You Don’t Have to Earn Your Favorite Foods with Exercise

Even though I’m a dietitian and food is my favorite topic, it would be nearly impossible to avoid talking about exercise with my coaching clients. Almost everyone who comes to me is interested in health improvement in some form, and I approach each situation using a “whole person approach”, which means I appreciate how important things like stress level, sleep hygiene, movement and social connection factor into the equation.

One thing I notice repeatedly is that most people (at least my experience) tend to view exercise as:

  1. Solely a weight management tool

  2. A way to “earn” food, specifically indulgent food and alcohol

This is such a disservice to all of its amazing benefits! I do a lot work around why this tends to be an ineffective strategy for reaching goals, so today I thought it would be helpful to dive into this further.

Why Your Exercise Mindset Matters

Have you ever been in a group fitness class where the instructor keeps yelling out things like, “you gotta earn that wine later” or “work hard now so you can enjoy that Halloween candy”.

This is one of my biggest peeves. I get it, these instructors don’t mean any harm and are simply trying to be motivating. But this just isn’t how things work. Our energy needs vary from day to day and there is room for the fun stuff, within reason. Plus, elevating treats on a pedestal makes them way more alluring and scandalous than they need to be (how exciting that you “earned” a peanut butter cup, right?).

In short, you don’t need to exercise to earn your food, and here’s why this mindset can be problematic.

  • It becomes tempting to restrict on your sedentary days. We all have days that are lower in movement than others. Whether we’re not feeling well, are on vacation, or are stuck inside because of a snowstorm. Rest days are also an important part of muscle recovery and actually help us perform better overall. Regardless, we still need a substantial amount of food to fuel our organs and body systems properly, especially if we’ve been working out hard in the days previous.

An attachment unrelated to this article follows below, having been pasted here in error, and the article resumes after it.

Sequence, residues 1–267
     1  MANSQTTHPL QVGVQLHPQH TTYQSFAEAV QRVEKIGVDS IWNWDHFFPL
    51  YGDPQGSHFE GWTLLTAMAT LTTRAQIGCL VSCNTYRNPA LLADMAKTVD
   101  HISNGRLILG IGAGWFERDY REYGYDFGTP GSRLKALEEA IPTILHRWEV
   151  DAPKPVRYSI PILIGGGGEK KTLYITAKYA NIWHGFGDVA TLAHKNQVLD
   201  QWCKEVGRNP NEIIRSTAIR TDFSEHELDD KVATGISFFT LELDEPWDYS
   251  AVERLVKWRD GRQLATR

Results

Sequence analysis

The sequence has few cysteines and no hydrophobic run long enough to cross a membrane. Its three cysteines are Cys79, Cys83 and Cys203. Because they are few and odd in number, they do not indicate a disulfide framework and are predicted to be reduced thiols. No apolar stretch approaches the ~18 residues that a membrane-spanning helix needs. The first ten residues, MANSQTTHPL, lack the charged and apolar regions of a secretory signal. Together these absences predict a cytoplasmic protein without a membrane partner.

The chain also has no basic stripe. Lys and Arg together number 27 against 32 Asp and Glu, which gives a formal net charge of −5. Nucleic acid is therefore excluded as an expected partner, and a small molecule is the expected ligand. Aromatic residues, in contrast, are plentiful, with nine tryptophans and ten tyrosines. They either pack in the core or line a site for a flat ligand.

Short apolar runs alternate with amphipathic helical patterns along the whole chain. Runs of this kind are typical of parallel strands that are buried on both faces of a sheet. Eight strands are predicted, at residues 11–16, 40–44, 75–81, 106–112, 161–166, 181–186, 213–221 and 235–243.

• You’ll start to associate workouts with indulgent food and/or alcohol which can lead to overeating, often followed by that vicious cycle of overeat/restrict. Using exercise as a tool to overeat and drink doesn’t teach you how to become a competent eater, it reinforces the idea that “calories in = calories out so we’re good", but there’s more to it. For example, I could skip meals all day and then just drink a bunch of wine to fit within my energy needs but that wouldn’t be doing any favors for my health.

  • It creates a negative association with exercise. If you view exercise/movement as something you have to do to compensate for a fun meal out with friends the night before, you probably won’t find it very enjoyable and remember, enjoyable movement usually results in consistent movement.

Practical Tips for Shifting Your Mindset

If you have a love/hate relationship with exercise, what can you do to make it more positive?

Try a bunch of different things until you find something you actually enjoy. There are so many different options these days, surely there is something for everyone. If motivation hinders you, make it social and connect with friends. If getting out of the house is a barrier for you, find something you can do at home. If time is an issue, try starting with just 15 minutes. Depending on what your current routine looks like, making exercise less structured might be a good thing too.

Next make a list of all of the reasons why you enjoy said workout. Here are some reasons why I love my favorite class:

  • It gives me a chance to take time for myself

  • It wakes me up and gets me laser-focused first thing in the morning

  • It’s gives me confidence that I can do challenging things and push through uncomfortable moments to achieve something great

  • I leave feeling strong and powerful

  • I leave feeling energized and ready to conquer the day

  • I love the sense of community at the studio

Lastly, be more cognizant of the language you use around movement. We had a great discussion about this topic on Healthy Buzz in episode 9 that you might find helpful. If you start talking about exercise/movement in a positive way instead of “omg I need to work off all of that pizza and beer” way, I would imagine you’ll notice a difference in how consistent you are fairly quickly.

Interested in working 1:1 to work on your relationship with food and exercise? Schedule a free 15-minute intro call to see what that might look like for you.